Language Disembarked: The Coast and the Forest in Modern British Poetry

Amy Cutler

Research output: ThesisDoctoral Thesis

3773 Downloads (Pure)


This thesis examines the representation of coasts and forests in texts written by British poets from 1970 to the present, in both small press and mainstream publications. Close readings are presented in the context of changing late twentieth century understandings of the dynamics and social practices of littoral space and the politics of British woodland, drawing on contemporary work by specialist cultural geographers and by environmental historians. The theories which have come to dominate – such as the ‘tidalectics’ (Naylor, 1999) of the Atlantic imaginary, or the ‘project of legibility’ (Scott, 1998) for forests under state governance – are applied to select poems and poets, both well-known and marginal. The texts focus on issues of authoritarian and alternative communication, from Thomas A. Clark’s Twenty Four Sentences About the Forest (1982) to the broken transmissions of Caroline Bergvall’s Drift (2014). In Britain the assigning of concepts of language to these two sites in the twentieth and twenty-first centuries is still a political issue as well as a major theme of new popular constructions of nature. This text investigates versions of authorship, authority, and definition through the modern handling of the historical and literary tropes of these two key cultural spaces. Poets referred to include Peter Larkin, Peter Riley, Anthony Barnett, Carol Watts, Bill Griffiths, Colin Simms, Ciaran Carson, Frances Presley, Giles Goodland, Alan Halsey, Wendy Mulford, Eric Mottram, Zoë Skoulding, and Richard Skelton.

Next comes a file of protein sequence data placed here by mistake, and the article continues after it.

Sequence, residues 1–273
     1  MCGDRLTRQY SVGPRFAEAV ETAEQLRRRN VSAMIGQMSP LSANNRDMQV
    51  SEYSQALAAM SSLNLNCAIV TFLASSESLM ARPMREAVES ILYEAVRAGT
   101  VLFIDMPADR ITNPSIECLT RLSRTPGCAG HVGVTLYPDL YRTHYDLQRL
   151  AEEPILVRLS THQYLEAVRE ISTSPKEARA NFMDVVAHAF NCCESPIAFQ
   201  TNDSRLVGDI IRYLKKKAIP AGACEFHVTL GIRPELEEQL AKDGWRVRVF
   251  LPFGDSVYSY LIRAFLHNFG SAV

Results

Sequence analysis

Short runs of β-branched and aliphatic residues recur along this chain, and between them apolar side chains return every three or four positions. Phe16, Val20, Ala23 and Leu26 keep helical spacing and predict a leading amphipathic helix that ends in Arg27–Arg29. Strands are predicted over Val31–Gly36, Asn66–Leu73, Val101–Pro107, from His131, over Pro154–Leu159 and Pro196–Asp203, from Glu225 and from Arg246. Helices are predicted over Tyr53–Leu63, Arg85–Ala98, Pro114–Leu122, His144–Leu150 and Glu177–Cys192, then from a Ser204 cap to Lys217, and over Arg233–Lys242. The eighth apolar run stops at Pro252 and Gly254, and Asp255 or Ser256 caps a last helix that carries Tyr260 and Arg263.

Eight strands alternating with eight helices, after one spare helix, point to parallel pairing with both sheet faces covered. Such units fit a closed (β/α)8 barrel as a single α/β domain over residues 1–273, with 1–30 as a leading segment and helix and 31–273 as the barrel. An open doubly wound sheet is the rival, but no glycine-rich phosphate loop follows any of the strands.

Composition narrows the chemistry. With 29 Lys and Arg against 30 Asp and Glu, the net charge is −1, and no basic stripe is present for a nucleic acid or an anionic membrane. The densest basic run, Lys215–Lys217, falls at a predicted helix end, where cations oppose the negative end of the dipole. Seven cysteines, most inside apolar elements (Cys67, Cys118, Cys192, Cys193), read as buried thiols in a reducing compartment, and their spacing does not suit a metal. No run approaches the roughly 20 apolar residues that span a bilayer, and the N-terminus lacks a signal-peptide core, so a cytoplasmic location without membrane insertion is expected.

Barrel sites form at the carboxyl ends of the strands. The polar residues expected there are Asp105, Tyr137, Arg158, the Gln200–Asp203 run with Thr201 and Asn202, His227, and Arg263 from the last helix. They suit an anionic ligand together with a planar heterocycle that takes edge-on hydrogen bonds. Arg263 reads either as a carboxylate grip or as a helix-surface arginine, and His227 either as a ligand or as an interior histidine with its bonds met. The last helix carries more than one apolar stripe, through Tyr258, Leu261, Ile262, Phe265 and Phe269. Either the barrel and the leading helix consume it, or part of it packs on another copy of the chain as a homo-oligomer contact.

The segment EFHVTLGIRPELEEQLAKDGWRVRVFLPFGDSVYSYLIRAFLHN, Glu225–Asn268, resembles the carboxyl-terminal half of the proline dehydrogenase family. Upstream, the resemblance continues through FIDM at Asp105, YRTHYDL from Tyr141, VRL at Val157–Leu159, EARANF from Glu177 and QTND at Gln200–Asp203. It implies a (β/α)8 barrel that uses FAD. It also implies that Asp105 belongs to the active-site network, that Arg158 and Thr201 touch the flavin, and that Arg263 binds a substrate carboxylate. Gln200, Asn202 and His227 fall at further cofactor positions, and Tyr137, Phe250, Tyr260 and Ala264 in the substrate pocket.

The obsessive depiction of the plight of language in the two sites (from Colin Simm's creole shoreline texts, to Ciaran Carson’s depiction of the failed fable of Rumpelstiltskin in the forest, where absolute naming has no power) is a shadow narrative to the “wicked” language problems approached in modern environmental discourse. What dictums exist for the woodlands and the shorelines of the modern UK? And how do these interact with modern poetry’s interest in the re-coding of existing tropes, utterances, and histories? How have cultural geographers and poets since 1970 differently approached the 'language problem' of these two sites, and what can literary geographers learn from this?
Original languageEnglish
Awarding Institution
  • Royal Holloway, University of London
  • Cresswell, Timothy, Supervisor
  • Hawkins, Harriet, Supervisor
  • Hampson, Robert, Advisor
Award date1 Nov 2014
Publication statusUnpublished - 2014


  • coasts
  • coast
  • forest
  • forests
  • woods
  • woodlands
  • timber
  • trees
  • landscape
  • Cultural Geography
  • Cultural History
  • historical geography
  • Philosophy of Language
  • close reading
  • Poetry
  • Poetics
  • Twentieth Century
  • British Poetry
  • Contemporary British Writing
  • environmental studies
  • History of ideas
  • Maritime
  • Shorelines
  • Shores
  • Avant-Garde
  • Artist's book
  • Eco-criticism
  • Environmental Humanities
  • Ecocriticism
  • Environmental Literature
  • Place
  • Space

Cite this